As of 2018, over 3.8 million Syrians were under temporary protection of whom 1.8 million of them are children. The magnitude of the problem and high number of Syrians in the country required establishing various social protection programmes. The Government of Turkey along with UNICEF and other partners have put a significant amount of efforts as a response to this crisis. One of these actions is Conditional Cash Transfer for Education (CCTE). This CCTE programme has a cash and a protection component where families receive financial support for every child attending school. This study analysed the key aspects related to the access and effects of the programme for working children, including seasonal agricultural labour, ii) boys and girls, iii) children of different age groups (1-4th grade, 5-8th grade, 9-12th grade). The aim of the study was to understand the supply and demand side bottlenecks that hinder these children’s access to CCTE programme and payment as well as Child Protection visits. To this end, 23 FGDs with children and their parents were conducted in three provinces, Istanbul, Gaziantep and Adana in addition to 14 key informant interviews with programme implementers and MONE staff in these provinces. 

May 2018 – February 2019

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The Impact of Syrian Refugees on Mortality Rates in Turkey

Dr Berna Tunca, the College of Administrative Sciences and Economics, Koç University



Turkey hosts more than 3.6 million registered Syrian refugees. Refugees who were displaced from Syria during the civil war arrived Turkey in great need of health care. Free health care is provided to Syrian immigrants in Turkey, resulting in capacity problems in the provinces with a higher immigrant-native ratio. Public hospitals provided more than 1 million inpatients, and 20 million outpatients care to Syrian refugees between 2011 and 2016 (AFAD). This paper exploits the influx of Syrians to Turkey to estimate the effects of immigrants on the mortality rates of the native population. Using the immigrant-native population ratio as the main control variable and holding health input statistics constant, the paper estimates the effects of refugees on mortality rates of the native population for different gender and age groups.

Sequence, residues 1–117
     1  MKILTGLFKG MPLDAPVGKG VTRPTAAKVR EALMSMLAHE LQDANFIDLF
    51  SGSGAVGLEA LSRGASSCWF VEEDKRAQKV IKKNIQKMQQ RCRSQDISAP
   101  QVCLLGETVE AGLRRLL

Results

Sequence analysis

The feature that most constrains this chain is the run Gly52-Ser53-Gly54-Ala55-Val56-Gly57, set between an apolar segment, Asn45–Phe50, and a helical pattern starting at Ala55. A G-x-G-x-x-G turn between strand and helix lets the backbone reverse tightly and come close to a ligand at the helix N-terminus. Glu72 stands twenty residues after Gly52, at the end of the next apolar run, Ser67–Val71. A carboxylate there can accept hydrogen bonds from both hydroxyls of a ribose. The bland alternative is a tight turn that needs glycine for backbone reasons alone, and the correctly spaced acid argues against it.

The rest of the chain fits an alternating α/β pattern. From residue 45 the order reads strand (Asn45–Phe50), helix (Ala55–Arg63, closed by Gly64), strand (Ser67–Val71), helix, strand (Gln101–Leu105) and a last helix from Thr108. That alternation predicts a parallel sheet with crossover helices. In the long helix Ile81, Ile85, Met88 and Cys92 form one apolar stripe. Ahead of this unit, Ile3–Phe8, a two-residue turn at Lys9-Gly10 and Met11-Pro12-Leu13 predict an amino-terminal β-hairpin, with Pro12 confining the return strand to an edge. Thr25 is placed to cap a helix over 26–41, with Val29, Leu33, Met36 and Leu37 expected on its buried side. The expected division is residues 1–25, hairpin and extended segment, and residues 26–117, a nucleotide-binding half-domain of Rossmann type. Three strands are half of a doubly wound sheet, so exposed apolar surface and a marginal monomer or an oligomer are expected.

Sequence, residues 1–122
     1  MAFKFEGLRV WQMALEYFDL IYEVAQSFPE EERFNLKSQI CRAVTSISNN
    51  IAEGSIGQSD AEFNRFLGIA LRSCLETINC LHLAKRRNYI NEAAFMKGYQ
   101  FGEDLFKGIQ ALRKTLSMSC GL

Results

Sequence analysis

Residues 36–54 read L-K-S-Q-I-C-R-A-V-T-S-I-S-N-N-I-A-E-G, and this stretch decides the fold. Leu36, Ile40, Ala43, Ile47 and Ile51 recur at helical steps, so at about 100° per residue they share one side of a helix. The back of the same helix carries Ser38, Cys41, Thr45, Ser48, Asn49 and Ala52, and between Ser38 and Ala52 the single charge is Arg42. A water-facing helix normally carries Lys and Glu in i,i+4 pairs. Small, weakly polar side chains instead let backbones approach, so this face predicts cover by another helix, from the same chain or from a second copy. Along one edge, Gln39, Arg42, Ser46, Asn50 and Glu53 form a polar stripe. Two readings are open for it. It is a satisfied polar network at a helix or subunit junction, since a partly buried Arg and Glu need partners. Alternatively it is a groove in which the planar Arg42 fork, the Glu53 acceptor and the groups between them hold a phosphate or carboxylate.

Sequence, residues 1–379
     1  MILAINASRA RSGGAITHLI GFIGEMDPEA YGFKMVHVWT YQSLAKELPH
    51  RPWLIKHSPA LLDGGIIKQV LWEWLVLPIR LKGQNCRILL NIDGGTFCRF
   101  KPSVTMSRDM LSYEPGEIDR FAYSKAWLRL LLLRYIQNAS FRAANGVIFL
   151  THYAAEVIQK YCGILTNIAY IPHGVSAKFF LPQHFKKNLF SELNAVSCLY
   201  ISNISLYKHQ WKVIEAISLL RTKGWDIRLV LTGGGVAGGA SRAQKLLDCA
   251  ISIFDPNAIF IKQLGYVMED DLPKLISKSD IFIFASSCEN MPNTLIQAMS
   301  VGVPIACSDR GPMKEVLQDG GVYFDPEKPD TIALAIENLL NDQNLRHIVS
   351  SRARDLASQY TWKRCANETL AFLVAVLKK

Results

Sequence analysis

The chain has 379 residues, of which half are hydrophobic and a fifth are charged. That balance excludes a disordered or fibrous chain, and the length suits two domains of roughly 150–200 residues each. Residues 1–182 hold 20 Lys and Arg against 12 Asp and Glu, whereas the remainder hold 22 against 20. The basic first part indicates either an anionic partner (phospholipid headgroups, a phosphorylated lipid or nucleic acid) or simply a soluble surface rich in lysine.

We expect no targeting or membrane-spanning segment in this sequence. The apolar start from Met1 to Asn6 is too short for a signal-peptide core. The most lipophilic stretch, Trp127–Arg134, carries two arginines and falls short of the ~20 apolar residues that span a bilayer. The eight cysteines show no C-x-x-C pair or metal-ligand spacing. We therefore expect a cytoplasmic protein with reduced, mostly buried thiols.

March 15, 2019

Blessing or Burden? The Impact of Refugees on Businesses and the Informal Economy

Dr Onur Altındağ, Department of Economics, Bentley University July 27, 2018 Abstrac


​This paper studies the impact of more than 3 million Syrian refugees on Turkish businesses operating in an economy with a large informal sector.  It uses an instrumental variable design that relies on exogenous variations in refugee outflows from Syria and the geographic location of Arabic-speaking communities in Turkey before the conflict began. Using yearly censuses of firms, it finds that refugee inflows had a positive impact on the intensive and extensive margins of production, which are highly concentrated in the informal economy. The effects are stronger for smaller firms and those that operate in the construction and hospitality industries.

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July 27, 2018

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Executive Director

Meltem is a human development economist with research focusing on poverty, inequality and overall distributional impact of social policies. Since 2004, she has been involved in various research projects and impact evaluations relating to poverty and human development with the World Bank in East Asia, ECA and MENA regions.


Research Associate

Gökçe is a political scientist and her work focuses on the political and socioeconomic impacts of the poverty alleviation programs on poor people. Most recently she has been working on conditional cash transfers in Turkey and her work investigates whether transferring cash with conditions to the poor empower their social citizenship or produce/reproduce linkages, their obligations to reciprocate in terms of supporting the political party allocating them.